Stress is a term used by many, is somewhat misunderstood, and often used to describe a negative condition or emotional state. People experience various forms of stress at home, work, in social settings, and when engaged in activities to simply have fun. Police officer's experience stresses the same as others, but also in ways much different than the average citizen. The dangers, violence, and tragedy seen by officers result in added levels of stress not experienced by the general population.
What is stress? Stress is not a new phenomenon, it has been experienced throughout history. Stress is a biological response to some stimulus. Fear, panic, anger, tragedy and especially pressure can cause it. Stress can result in the competitiveness needed to succeed in business, relationships, sports, and education. Is stress bad or good? It is both. Good stress is manageable stress an can actually heighten your performance in certain situations. Bad stress is unmanageable stress and lessens your performance because it's too much to bare.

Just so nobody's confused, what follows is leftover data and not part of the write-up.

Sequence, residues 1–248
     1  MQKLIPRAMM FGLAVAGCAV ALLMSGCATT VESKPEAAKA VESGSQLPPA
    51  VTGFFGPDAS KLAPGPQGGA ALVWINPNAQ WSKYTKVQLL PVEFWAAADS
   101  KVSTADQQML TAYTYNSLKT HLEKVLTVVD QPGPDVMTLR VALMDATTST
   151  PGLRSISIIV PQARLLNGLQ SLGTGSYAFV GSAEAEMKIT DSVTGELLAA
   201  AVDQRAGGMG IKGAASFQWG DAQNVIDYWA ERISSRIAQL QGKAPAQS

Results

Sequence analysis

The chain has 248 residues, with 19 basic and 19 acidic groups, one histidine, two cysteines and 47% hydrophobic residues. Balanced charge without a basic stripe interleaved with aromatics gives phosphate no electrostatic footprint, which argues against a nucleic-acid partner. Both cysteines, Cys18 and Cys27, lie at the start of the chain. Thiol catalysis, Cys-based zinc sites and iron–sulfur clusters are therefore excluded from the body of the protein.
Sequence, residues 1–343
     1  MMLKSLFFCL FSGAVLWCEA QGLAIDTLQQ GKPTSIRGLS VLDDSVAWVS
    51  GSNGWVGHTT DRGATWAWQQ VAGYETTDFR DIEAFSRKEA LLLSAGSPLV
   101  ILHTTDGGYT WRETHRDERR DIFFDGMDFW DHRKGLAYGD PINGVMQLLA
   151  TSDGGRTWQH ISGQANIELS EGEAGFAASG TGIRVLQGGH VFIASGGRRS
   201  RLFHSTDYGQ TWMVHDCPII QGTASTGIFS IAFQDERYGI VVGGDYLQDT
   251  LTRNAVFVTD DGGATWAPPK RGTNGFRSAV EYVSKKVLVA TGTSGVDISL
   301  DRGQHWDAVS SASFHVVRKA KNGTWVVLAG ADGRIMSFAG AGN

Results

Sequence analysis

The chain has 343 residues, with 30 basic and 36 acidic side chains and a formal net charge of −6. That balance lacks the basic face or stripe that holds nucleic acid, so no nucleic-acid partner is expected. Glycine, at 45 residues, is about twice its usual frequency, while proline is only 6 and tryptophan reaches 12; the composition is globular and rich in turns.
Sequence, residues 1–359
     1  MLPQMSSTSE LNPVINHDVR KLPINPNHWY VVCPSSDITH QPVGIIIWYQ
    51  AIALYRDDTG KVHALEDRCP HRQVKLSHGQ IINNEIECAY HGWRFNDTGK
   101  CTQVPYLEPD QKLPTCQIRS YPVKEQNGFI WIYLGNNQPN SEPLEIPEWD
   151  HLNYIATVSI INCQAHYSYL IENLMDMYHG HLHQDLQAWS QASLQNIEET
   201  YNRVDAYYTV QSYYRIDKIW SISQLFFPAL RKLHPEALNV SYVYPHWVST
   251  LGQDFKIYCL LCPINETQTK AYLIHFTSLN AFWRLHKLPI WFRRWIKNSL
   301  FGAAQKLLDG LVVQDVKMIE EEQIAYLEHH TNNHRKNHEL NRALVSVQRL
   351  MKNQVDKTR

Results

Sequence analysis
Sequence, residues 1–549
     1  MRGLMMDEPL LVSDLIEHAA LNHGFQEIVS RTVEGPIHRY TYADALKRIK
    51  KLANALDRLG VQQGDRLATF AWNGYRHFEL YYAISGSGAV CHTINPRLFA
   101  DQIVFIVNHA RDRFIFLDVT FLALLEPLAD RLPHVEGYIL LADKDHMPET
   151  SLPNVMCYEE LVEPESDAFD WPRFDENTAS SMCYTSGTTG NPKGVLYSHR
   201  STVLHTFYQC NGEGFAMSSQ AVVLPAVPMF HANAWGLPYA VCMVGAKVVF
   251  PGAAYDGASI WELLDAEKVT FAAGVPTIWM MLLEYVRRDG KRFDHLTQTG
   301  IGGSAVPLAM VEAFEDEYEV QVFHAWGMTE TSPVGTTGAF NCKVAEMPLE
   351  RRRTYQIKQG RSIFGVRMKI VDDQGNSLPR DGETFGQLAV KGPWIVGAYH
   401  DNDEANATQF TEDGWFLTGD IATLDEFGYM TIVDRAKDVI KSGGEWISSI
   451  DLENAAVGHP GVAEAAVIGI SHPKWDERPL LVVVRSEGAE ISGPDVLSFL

Police work, by its nature, calls for an incredible amount of continual stress. The demands on police officers to show greater restraint has been increasing over the years and has increased the effects of stress on police work. Today's police officer is now more than ever in the public eye. He now must think about consequences before his actions in every situation.
If we take a quick overview of police work and look at the research we can see what are some of the biggest stresses. Having your partner killed in the line of duty, lack of support by the department and bosses, shift work and disruption of family time/ family rituals and the daily grind of dealing with the scum of society. All of these factors add up and lead to high rates of cancer, heart disease, and suicide for police officers.
We are becoming all too familiar with police suicide especially with the attention i...